The hope for little deer is the stillness by which they lie down against the forest floor and how well their camouflage and lack of scent hide them from wandering predators.

They are born as prey and live their lives as prey and usually die as prey.

It is a harrowing existence, but it begins so innocently, with the dappled ones lying close to the leaf litter, hidden away from prying eyes and quivering nostrils.

Hide and you will survive long enough until you have to bound and leap to survive. Live long enough for the rut and survive the winter, and your genes will in the next generation of dappled ones.

And that is how your kind has lived here all these millions of years.  It has been an existence of fear and trepidation and constant danger.

But in our stupidity, we’ve made the world a better place for them.

Some predators will get a few, but in most of their range, they are no longer harried by wolves or stalked by cougars at all hours of the day and night.

But the fear that forged their kind is still there, and if they are to thrive the new world of coyotes and resurgent black bears, they will rely upon that fear to keep them going.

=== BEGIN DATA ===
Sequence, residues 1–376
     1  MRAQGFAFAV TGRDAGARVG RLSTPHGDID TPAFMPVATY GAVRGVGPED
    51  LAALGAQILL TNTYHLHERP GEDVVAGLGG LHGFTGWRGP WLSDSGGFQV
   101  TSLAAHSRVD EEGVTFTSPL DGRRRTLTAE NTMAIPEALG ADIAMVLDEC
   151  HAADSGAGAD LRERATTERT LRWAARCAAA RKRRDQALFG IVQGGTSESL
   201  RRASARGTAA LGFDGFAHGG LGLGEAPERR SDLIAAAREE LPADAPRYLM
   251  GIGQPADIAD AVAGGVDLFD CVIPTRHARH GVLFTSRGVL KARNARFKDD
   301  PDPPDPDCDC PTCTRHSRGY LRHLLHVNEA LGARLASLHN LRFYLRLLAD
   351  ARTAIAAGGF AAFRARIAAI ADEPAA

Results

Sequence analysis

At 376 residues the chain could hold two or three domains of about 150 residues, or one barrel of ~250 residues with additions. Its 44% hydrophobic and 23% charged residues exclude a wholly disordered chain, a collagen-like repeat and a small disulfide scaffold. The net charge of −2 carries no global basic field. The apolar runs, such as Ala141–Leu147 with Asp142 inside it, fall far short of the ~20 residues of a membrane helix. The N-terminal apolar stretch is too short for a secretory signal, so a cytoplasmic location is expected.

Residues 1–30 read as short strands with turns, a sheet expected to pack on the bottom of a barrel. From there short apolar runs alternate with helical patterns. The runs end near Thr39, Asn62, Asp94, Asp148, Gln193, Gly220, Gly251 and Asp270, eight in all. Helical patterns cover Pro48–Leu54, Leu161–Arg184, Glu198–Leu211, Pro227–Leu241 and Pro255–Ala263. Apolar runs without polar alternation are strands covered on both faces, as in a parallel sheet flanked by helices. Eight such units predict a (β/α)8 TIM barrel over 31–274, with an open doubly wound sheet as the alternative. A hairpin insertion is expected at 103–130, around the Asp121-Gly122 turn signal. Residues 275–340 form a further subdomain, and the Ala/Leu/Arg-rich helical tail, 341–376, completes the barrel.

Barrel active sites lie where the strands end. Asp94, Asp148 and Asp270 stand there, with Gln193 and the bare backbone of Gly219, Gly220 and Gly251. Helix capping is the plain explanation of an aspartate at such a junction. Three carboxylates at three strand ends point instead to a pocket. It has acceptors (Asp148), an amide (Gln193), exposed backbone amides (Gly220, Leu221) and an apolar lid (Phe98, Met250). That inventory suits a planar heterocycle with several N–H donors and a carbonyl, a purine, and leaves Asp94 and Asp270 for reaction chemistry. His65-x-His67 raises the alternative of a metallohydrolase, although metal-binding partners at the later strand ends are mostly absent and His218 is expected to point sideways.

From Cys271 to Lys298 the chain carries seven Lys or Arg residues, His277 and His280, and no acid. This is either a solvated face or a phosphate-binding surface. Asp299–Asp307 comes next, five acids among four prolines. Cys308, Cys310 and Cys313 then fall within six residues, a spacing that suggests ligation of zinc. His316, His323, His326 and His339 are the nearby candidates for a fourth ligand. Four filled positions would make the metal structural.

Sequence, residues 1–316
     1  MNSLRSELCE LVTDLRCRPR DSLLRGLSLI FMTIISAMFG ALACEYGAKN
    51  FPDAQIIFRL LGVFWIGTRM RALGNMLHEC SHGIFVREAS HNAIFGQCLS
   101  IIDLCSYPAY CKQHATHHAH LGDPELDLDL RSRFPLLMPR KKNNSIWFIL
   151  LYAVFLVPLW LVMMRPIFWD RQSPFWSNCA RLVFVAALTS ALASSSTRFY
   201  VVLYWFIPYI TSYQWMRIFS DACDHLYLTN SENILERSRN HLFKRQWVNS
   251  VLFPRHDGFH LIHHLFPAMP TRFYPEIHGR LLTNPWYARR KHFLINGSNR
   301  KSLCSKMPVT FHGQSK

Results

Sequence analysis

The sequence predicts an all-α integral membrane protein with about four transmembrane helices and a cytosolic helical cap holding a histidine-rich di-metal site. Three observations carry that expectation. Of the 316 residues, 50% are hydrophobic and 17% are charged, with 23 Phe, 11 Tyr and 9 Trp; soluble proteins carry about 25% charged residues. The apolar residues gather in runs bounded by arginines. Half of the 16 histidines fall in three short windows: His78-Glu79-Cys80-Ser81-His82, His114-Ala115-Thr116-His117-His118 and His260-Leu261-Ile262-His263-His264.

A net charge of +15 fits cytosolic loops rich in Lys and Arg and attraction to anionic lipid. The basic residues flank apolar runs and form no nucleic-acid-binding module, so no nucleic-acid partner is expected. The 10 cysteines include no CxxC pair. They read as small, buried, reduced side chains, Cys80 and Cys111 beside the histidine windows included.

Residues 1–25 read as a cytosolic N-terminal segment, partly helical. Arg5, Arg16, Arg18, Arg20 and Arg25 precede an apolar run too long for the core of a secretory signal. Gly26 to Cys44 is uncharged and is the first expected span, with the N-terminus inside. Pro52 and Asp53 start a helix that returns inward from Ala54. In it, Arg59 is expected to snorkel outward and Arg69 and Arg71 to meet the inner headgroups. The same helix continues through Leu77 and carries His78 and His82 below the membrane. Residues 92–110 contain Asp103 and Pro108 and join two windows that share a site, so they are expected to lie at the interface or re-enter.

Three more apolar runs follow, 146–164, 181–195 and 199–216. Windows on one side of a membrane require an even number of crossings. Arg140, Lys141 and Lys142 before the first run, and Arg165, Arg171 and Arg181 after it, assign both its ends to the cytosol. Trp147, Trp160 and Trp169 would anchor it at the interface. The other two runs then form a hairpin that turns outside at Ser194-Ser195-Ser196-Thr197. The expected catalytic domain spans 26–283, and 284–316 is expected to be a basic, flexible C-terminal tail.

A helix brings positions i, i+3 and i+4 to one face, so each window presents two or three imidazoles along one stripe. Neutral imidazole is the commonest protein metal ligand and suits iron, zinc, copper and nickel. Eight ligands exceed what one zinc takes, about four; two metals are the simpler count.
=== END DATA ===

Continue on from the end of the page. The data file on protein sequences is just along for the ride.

Let’s hope that the deer will always be afraid.

For their sake.


Canis lupus hominis

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Saturday Survey: Your Dog and Fruit

I posted a video earlier in the week of a dog playing with an orange. Coincidentally, my dog Kayla, who usually eats EVERYTHING, has been turning up her nose when I try to give her the last slice from my morning cereal banana. So, my question this week is: Until next time, Good day, and […]


Doggies.com Dog Blog

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Latest Chewing Lice News

SENTRY® Fiproguard® Plus Flea and Tick Topical, SENTRY® Soft & Chewy
1 veterinarian-recommended active ingredient,** and (s)-methoprene to protect against fleas, flea eggs, flea larvae, ticks and chewing lice. SENTRY Fiproguard Plus helps protect the entire family from illness by killing ticks that may transmit Lyme
Read more on PR Newswire (press release)

PetAction(TM) Plus for Dogs and Cats Launches Nationwide